David: Today’s film is The Road to Mother, and stars Adil Akhmetov and Altynay Nogerbek. It’s from the country of Kazakhstan and is directed by Akan Satayev. It will be here for worldwide release later this year, and screened at the Golden Globes. The movie is subtitled for our English speakers. Here’s the IMDB page.
I thought that this film was beautiful, if a tad overlong. The story essentially boils down to a young boy that is taken away from home, and his journey to get back. Shannon, what were your initial impressions for Road to Mother?
Shannon: Initially I thought the film was great. The story was good (reminded me a little of The Way Back and Lion), but at first I was really confused and it took me awhile to grasp what was happening in the beginning. This is normal for me though, so I wouldn’t say it was because of the subtitles or anything. For some reason I just was confused as to why they took the boy in the first place and whether they were good people or bad people. Once I realized that they took the boy to Istanbul and the mother was not with him I slowly was able to comprehend where he was and who he was with - still not sure on the why though.
The film was a bit slow at times, and yes I agree that it was a tad overlong, but other than that it was wonderful. The acting was good from what I could tell and the story was impactful the entire time. A young boy thrown into a new country that speaks a different language and having to adapt and grow up without his mother and father, all while his mother is trying to live without her only son. All these emotions were evident to me on screen through the actors and actresses of this film.
What did you think of the acting David?
David: I thought that the acting was tremendous. Despite the fact that I obviously don’t speak the language, I had no trouble following the story or the emotions of the characters. Everyone’s motivations, even when they were flawed, were clear and succinct across their faces. It was a joy, because rarely do child actors have the capabilities that the different kids were given in this film.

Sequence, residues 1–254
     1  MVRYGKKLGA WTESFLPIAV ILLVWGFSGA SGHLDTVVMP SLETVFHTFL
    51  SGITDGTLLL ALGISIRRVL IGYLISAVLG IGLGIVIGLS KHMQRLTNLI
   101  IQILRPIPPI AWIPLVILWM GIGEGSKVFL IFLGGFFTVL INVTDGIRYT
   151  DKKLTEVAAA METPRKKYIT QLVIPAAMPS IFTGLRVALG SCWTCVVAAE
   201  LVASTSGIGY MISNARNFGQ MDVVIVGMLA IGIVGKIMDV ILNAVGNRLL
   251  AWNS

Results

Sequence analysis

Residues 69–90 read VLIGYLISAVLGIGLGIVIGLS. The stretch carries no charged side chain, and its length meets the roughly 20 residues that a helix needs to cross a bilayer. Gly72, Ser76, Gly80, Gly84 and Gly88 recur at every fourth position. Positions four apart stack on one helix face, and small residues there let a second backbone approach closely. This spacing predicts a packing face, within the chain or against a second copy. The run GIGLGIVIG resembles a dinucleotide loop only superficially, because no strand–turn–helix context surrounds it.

That may have actually been my favorite part of the film, was life on the collective farm before the boy’s father was killed. It was cool to see the different relationships that had formed, and the boy staying awake to hear his mother and father talking. It’s things like this that often get missed in movies with a scope this large (we are talking about the history of a country!), so it was nice to see a tribute to the small moments.
The most devastating scene for me was seeing the boy taken from his mother. Watching her chase after him… wow. It was a scene that made me physically uncomfortable as I considered all the implications of life after. It was another thing that made me think of a film that you mentioned in Lion. There are a lot of similar themes - separation from family, strength of character, and education about a country that many people don’t know enough about.
The scenes featuring WWII were especially powerful. For being considered an “independent film”, I was really impressed with the effects - in particular the explosives and the guns. Never once did I question the reality of what I was watching, and the camerawork accented that. It almost gives the film a documentary type feel.